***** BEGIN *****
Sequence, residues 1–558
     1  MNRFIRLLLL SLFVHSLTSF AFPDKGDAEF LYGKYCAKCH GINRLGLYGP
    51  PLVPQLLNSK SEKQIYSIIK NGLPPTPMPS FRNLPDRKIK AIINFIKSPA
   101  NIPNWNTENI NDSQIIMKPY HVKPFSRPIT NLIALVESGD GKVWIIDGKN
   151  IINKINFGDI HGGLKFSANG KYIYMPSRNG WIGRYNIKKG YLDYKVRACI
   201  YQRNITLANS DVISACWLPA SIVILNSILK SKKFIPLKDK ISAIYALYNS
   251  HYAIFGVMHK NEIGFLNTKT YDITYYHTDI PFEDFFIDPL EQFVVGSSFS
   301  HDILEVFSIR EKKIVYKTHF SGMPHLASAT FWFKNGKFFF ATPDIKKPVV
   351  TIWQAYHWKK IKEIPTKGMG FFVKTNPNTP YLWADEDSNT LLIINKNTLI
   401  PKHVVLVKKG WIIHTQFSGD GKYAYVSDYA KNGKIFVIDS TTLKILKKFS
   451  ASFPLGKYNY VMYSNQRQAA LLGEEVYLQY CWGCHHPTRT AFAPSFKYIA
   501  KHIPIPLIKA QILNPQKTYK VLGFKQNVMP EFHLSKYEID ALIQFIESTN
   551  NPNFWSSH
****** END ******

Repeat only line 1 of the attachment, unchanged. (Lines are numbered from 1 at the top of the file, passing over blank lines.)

Sequence, residues 1–558